The Green Sheet Online Edition
July 27, 2009 • Issue 09:07:02
Seven rules of 'celling'
Judging from the viral growth of mobile banking and smart phone applications, mobile commerce may be the next big trend, with consumers using cell phones to transmit credit card data and merchants using smart phones to process credit card transactions.
Near field communication (NFC) technology, which enables the contactless POS, has been widely adopted in Europe. Deployment of NFC-enabled phones, an increasing population of contactless POS terminals, and various incentives offered by banks and card brands are driving demand in the United States and Canada for cell phone initiated transactions.
Using smart phones for credit card acceptance is a green solution and a great way for merchants to do more with less. Low-transaction mobile workers no longer have to carry and set up POS equipment to process one or two transactions. Smart phones can also capture swiped rates at the POS when paired with hand-held card reader peripherals.
With all the hardware models and software applications to choose from, how can merchant level salespeople (MLSs) help merchants decide on the best smart phone solutions for their businesses?
Here are seven rules of "celling":
1. Qualify your prospects
Smart phone payment processing is not for everyone. Merchants who keep their mobile phones turned off except for emergencies are not good prospects. Merchants who have recently acquired a BlackBerry or iPhone should be given a chance to learn the basics before attempting to process payments on them.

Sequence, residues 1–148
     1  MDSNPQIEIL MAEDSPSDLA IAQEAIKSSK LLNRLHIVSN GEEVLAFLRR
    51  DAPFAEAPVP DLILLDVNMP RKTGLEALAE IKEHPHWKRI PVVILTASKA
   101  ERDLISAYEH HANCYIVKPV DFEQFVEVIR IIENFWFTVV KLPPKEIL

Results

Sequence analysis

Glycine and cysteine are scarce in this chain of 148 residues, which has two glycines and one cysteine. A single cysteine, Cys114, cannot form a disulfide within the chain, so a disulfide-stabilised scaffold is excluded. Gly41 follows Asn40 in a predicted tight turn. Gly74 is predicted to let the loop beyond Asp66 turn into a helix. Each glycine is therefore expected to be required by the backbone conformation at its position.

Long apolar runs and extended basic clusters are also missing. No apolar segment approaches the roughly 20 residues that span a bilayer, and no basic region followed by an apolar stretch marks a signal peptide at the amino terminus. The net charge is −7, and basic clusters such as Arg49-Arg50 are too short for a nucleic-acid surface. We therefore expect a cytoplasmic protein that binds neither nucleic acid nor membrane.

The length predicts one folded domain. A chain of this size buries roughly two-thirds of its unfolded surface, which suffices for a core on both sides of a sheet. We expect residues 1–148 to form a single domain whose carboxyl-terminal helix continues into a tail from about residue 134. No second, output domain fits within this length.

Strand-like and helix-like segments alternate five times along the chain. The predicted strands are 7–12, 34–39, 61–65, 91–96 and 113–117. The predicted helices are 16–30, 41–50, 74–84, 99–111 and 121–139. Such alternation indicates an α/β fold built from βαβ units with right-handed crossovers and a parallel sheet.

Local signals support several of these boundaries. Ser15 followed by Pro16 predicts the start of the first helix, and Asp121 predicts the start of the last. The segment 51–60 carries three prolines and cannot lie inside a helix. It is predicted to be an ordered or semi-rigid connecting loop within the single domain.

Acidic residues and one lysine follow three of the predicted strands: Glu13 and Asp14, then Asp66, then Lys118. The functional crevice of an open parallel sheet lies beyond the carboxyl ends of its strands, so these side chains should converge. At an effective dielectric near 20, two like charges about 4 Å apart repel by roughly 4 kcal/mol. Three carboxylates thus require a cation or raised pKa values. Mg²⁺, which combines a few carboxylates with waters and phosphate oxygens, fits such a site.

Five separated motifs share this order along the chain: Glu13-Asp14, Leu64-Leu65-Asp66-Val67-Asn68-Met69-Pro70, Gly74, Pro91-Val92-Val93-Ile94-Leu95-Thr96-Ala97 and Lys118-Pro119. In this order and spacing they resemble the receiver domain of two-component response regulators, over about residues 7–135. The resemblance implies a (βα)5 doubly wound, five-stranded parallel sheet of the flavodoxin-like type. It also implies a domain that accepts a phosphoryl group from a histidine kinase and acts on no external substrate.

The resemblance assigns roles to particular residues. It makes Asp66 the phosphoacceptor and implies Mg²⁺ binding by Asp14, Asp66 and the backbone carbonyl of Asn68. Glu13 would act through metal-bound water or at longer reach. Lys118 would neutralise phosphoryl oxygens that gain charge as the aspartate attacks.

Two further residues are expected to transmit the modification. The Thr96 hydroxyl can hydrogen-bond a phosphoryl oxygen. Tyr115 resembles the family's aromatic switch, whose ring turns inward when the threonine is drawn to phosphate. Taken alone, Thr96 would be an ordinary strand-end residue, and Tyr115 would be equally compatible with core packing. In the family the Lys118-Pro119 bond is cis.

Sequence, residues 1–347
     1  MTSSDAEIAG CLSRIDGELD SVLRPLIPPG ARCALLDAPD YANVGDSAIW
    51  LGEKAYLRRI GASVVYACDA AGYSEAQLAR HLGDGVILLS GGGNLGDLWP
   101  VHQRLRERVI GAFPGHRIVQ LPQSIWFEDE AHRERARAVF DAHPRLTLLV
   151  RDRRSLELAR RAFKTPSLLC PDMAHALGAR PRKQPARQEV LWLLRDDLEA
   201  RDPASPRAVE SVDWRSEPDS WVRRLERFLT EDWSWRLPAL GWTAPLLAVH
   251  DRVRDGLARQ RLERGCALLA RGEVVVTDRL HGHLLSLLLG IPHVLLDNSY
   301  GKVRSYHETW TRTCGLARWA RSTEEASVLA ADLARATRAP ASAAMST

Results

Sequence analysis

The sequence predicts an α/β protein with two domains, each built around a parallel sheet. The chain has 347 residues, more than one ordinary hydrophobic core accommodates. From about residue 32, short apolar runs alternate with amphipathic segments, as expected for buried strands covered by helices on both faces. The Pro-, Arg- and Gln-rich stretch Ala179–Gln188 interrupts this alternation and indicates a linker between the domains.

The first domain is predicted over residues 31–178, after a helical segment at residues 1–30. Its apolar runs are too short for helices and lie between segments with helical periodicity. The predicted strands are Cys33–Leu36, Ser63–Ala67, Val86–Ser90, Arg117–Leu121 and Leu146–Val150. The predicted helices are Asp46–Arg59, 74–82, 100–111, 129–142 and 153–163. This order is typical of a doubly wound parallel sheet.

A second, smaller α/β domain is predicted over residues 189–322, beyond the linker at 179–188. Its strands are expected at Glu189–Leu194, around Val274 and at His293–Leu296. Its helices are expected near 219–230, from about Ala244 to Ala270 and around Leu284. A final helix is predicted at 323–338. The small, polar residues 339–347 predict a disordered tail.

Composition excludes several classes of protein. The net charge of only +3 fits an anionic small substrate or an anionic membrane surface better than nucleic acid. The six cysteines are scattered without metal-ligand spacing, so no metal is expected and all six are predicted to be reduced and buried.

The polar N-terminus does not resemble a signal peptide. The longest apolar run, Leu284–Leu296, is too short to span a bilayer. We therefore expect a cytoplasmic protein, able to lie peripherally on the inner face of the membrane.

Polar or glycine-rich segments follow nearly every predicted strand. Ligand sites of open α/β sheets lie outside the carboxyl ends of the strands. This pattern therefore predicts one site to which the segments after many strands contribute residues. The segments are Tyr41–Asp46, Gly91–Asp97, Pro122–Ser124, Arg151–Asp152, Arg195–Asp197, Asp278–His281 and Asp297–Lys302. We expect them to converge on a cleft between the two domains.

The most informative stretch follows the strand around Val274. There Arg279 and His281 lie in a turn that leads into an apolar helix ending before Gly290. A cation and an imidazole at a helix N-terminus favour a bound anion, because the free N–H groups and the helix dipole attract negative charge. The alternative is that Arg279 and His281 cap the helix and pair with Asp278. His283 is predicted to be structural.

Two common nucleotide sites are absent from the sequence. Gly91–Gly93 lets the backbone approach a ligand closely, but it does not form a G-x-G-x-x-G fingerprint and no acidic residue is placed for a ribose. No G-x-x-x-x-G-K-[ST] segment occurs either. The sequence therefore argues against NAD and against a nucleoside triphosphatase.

Technically savvy merchants would be most receptive to adding a payment application to their smart phones, particularly if they want to accept credit card payments from wherever they happen to be working.
2. Sell enterprise-worthy applications
Not all smart phones are created equal. The innovative, consumer-friendly iPhone is great at many things, from streaming video broadcasts to texting, but its touch screen keypad may be cumbersome for a mobile worker who needs to type in a lot of data. Also, merchants who process payments on the iPhone will have to manually enter transactions until an iPhone-compatible card reader peripheral becomes available.
There's a world of difference between consumer mobility and business mobility. Enterprise smart phones are equipped with rugged carrying cases and longer battery life. Screens are easy to navigate, and keypads are designed for fast and frequent typing. Enterprise-worthy phones seamlessly integrate a variety of work-related programs. They can be used to track mileage, workers' hours and attendance, and delivery times.
This continuous flow of data can be used by management to evaluate efficiencies and create customized reporting.
3. Sell PCI DSS-certified solutions
It's not enough these days to ask if transactions are processed securely. Any application that manages cardholder data must be a certified Payment Card Industry (PCI) Data Security Standard (DSS) application. (For a complete listing of PCI DSS-compliant software applications, visit www.pcisecuritystandards.org.)
4. Know the difference between Web apps and downloadable apps
Merchants shopping for smart phone payment solutions can choose from applications accessed through Web browsers or downloaded onto smart phones. Smart phone Web applications have the same functionality for merchants as virtual terminals on computers; they're just in a slightly modified version to fit a smaller screen.